so my first job at all it was cut in closing tags at an h&m shop in arms. So yes, we were I was studying there for three months in Antwerp with their friends from from the faculty because we were studying Dutch so we went there for a short period of time and we got like this a three day contract at h&m because they needed people students to cut out the clothes and tags to send them the clothes for a charity purposes. So that was my first job. And then also in Antwerp also something about trade fair. We had like also a small interpreting assignment, but that was probably my first interpreting assignments at a trade fair in, in Antwerp. So we made some pocket money and we bought a bus ticket to go from Antwerp to Copenhagen with my friends. So we we started travelling in a very comfortable way, like 1212 hours on a bus, but that was fantastic.

Andrej Zito 

Were you nervous when you were doing the first interpreting?

Paola Manca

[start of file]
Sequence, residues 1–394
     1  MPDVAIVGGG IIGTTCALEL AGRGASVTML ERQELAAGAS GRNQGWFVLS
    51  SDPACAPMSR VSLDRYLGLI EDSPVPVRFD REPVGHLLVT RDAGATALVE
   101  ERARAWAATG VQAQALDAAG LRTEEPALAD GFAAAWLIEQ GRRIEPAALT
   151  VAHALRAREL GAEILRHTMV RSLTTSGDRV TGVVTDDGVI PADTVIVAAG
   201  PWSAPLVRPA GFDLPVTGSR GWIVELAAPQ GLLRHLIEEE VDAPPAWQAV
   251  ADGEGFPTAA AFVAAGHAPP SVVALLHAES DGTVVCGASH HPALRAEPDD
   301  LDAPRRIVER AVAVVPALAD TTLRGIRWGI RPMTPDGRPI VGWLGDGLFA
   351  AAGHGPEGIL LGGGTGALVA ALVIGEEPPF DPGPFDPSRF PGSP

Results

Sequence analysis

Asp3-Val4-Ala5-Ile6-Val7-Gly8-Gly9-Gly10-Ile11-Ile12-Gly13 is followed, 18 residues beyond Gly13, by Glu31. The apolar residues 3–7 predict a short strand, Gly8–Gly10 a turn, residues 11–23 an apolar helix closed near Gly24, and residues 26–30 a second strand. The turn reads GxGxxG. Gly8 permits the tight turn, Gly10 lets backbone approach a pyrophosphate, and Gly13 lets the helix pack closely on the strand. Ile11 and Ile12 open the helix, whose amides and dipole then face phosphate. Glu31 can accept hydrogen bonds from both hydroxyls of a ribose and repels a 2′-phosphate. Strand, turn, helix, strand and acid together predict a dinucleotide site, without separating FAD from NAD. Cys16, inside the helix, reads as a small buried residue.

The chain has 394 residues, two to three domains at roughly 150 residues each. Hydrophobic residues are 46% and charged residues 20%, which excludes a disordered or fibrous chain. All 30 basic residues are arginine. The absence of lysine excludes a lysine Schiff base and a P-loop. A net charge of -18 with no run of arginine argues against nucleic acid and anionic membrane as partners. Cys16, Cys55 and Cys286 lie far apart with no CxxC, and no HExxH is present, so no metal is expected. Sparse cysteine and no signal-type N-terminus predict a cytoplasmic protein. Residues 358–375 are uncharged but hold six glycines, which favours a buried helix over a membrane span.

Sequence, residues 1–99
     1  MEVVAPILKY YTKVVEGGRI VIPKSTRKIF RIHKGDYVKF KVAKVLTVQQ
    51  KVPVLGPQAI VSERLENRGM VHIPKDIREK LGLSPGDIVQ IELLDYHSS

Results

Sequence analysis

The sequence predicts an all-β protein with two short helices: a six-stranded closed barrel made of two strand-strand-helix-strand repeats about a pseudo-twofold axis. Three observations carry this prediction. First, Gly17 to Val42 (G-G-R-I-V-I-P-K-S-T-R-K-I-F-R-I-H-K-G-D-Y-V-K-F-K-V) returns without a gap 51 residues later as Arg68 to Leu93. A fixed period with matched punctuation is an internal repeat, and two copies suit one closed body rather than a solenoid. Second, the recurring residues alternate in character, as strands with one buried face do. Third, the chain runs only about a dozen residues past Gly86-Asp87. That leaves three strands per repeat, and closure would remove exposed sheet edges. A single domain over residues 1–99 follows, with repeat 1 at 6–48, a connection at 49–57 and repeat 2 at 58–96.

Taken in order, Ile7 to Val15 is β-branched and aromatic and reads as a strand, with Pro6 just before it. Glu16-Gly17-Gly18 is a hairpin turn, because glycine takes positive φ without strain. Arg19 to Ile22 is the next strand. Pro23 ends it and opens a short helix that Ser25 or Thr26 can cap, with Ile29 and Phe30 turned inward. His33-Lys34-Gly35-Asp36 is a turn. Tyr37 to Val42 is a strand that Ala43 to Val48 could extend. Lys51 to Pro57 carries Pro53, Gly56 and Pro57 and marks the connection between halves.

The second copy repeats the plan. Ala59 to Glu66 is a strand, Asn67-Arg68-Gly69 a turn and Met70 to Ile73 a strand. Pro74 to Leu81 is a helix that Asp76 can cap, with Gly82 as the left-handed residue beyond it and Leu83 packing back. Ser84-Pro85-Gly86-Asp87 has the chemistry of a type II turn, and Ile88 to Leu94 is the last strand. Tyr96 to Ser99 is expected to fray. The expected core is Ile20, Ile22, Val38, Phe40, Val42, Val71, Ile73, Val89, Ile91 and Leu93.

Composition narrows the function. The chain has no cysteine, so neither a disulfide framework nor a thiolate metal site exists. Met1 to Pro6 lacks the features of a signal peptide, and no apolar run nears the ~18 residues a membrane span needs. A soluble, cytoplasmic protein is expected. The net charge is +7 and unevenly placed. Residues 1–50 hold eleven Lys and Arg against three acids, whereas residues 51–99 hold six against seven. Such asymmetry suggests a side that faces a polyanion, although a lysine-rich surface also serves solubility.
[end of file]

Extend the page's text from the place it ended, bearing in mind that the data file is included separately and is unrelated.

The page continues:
I don’t remember. I do remember that. I put on my best outfit, my most professional outfit. But well, it was it was not simultaneous. It was at a trade show. So it was with an Italian company and the owner of the company was very kind man. He called me a father so he was really relaxed. Everything was very relaxed. So yeah, but I guess I wouldn’t be wouldn’t be nervous.

Andrej Zito 

That got me thinking, I’m not sure if this is a good assumption, do you feel like like for being an interpreter, you have to be a little bit more extroverted because you’re more with people rather than being a translator who can just sit at home, I can just translate behind the computer, or it doesn’t have anything to do with it. Ah,

Paola Manca